What is COP26 and why does it matter?
What is COP26?
COP – standing for Conference of Parties – is the annual UN meeting about climate change.
The first COP meeting (COP1) was held in Berlin in 1995 and we’re now at the start of the 26th meeting – COP26.
Where and when is it being held?
This year, COP26 is being held in Glasgow and it officially started on 31st October.
The summit is currently scheduled to end on 12th November, but COPs have a habit of running over time, so talks could end up stretching well into Saturday and maybe even Sunday.
Why is the summit so important?
It’s becoming increasingly clear that the window of opportunity to tackle climate change is shrinking.
And in August, a landmark report by the UN’s Intergovernmental Panel on Climate Change (IPCC) concluded for the first time that there’s unequivocal evidence that human activity is already changing the world in unprecedented and often irreversible ways
UN chief Antonio Guterres described it as a ‘code red for humanity’. And in the words of The Guardian’s environment editor, Damian Carrington, ‘political leaders are now in the dock and the vital UN COP26 summit in Glasgow in November may be the last hearing at which they can avoid the judgment of history’.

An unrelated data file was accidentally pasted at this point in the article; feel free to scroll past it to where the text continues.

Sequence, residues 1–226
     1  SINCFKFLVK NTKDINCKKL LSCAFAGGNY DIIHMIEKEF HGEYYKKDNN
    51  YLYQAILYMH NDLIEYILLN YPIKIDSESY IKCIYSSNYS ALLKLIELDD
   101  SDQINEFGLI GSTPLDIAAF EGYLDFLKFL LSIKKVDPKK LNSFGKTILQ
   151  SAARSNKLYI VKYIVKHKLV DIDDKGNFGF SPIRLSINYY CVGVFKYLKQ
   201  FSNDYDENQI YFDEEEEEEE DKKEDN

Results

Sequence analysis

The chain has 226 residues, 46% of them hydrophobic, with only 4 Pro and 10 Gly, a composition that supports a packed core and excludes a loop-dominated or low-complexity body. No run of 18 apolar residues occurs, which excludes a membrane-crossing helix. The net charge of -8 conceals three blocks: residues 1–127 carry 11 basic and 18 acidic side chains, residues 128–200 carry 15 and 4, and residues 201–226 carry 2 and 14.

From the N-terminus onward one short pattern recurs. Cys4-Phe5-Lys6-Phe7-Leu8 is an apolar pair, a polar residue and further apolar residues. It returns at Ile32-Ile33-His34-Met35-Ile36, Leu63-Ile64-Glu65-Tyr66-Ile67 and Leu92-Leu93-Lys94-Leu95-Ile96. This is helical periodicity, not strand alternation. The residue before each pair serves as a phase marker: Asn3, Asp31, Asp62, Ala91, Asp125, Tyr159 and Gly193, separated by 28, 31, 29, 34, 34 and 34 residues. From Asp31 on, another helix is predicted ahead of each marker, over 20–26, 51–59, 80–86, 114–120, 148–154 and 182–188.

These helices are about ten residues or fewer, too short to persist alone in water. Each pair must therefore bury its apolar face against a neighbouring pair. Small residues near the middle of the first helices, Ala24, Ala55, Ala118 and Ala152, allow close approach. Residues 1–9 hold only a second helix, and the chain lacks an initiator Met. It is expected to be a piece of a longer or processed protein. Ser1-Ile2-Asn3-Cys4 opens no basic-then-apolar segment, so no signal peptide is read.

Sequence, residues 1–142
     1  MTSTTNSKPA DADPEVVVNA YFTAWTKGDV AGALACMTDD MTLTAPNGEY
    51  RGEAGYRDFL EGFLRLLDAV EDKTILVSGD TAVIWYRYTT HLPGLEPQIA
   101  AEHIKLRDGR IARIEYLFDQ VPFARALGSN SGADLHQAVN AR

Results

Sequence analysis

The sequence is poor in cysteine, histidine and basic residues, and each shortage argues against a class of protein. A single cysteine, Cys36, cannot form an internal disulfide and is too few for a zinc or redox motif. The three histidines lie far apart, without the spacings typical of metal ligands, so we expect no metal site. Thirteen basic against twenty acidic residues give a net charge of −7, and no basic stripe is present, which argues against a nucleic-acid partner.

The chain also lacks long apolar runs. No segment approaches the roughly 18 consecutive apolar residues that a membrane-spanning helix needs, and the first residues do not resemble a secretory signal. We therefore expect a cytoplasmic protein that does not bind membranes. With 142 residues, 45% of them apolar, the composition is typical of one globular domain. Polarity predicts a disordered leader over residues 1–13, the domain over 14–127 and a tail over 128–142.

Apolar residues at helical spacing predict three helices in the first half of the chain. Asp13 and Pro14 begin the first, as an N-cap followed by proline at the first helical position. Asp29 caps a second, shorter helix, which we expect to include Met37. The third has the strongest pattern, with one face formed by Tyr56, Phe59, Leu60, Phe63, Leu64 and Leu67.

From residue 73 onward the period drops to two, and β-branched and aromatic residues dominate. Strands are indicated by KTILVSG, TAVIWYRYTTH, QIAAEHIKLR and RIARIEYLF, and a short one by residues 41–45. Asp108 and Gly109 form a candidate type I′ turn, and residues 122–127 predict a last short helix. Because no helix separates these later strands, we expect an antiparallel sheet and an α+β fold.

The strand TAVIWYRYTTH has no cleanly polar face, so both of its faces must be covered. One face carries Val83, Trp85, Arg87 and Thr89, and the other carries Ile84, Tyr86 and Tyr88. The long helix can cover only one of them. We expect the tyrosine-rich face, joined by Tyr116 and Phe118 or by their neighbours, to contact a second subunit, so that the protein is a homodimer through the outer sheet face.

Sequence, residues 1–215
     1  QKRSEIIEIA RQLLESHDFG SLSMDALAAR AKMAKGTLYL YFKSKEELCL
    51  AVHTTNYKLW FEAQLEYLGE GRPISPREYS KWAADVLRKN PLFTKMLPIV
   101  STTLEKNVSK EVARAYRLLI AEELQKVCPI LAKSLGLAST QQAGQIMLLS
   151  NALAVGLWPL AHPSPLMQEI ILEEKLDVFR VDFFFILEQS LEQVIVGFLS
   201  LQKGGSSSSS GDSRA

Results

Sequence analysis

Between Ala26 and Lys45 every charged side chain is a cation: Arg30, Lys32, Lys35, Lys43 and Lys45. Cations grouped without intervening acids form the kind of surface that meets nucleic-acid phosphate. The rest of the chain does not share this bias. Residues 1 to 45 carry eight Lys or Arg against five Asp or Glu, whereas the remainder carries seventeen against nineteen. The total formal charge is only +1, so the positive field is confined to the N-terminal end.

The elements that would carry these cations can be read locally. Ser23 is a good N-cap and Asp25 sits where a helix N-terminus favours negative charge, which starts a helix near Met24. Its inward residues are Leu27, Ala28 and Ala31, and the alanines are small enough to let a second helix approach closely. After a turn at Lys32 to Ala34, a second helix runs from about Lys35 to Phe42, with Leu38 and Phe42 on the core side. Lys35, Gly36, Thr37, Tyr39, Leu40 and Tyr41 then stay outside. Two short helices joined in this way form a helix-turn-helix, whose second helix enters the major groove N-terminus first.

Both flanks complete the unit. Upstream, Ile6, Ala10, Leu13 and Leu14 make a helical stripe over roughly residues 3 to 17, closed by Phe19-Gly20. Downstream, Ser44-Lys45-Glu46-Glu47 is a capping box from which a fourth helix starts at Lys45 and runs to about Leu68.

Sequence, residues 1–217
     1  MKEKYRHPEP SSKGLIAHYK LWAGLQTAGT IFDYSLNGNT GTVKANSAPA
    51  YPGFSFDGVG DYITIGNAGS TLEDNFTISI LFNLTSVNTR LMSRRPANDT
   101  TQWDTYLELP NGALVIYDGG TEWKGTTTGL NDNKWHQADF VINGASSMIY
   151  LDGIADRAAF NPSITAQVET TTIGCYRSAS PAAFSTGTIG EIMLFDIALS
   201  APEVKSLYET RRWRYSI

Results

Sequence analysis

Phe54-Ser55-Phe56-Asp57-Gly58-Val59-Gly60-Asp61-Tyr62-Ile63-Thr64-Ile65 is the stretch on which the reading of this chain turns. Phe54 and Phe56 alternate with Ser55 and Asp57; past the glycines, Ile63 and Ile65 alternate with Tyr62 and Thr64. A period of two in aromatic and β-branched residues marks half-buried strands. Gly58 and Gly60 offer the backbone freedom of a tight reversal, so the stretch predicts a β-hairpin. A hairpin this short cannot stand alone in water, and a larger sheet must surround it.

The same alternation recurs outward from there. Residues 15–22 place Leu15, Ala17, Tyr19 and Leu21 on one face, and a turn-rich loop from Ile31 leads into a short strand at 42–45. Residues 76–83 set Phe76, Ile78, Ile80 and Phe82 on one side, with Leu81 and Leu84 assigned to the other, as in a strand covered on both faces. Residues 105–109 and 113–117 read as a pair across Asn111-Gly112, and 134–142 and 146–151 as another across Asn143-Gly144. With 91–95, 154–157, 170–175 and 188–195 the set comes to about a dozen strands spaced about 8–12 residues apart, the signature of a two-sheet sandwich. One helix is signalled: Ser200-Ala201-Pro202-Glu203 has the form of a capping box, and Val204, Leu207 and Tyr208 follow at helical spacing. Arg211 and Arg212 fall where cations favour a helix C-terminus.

It’s clear that there’s no time for delay and no room for excuses – COP26 is crunch time to save our planet from disaster.
What was agreed in Paris?
The Paris Agreement is the most comprehensive climate deal to date.
In 2015, 196 nations signed a binding treaty to hold global average temperatures to ‘well below’ 2ºC compared to pre-industrial levels, and to try to limit rises to 1.5ºC. The IPCC sees 1.5ºC as a roughly safe upper limit, so a 2ºC rise could be much more destructive.
As part of the agreement, nations also made specific pledges to reduce their greenhouse gas emissions, known as nationally determined contributions (NDCs). It was agreed that the signatories would meet every five years to make more ambitious pledges.
The first of these meetings was meant to happen in 2020, but was delayed until this year because of COVID-19 – one of the many reasons COP26 is so important.
Will the Paris goals be met?
On current trends, the answer to this is unfortunately, no.
Despite lockdowns around the world, all key greenhouse gases (GHG) rose faster in 2020 than the average for the previous decade and this trend has continued in 2021, according to a WMO report.
The IPCC has estimated that emissions need to fall by 45% from 2010 levels by 2030, and then hit net zero by 2050, to have a good chance of keeping global warming to 1.5ºC.
But the UN’s latest report on the NDCs from the 113 countries that filed them ahead of COP26 found that even if they were fulfilled, greenhouse gas emissions would only go down 12% by 2030.
The UK, the EU and the US – which has rejoined the Paris Agreement under President Biden – have all made commitments to cut emissions by at least 50% on 1990 levels by 2030.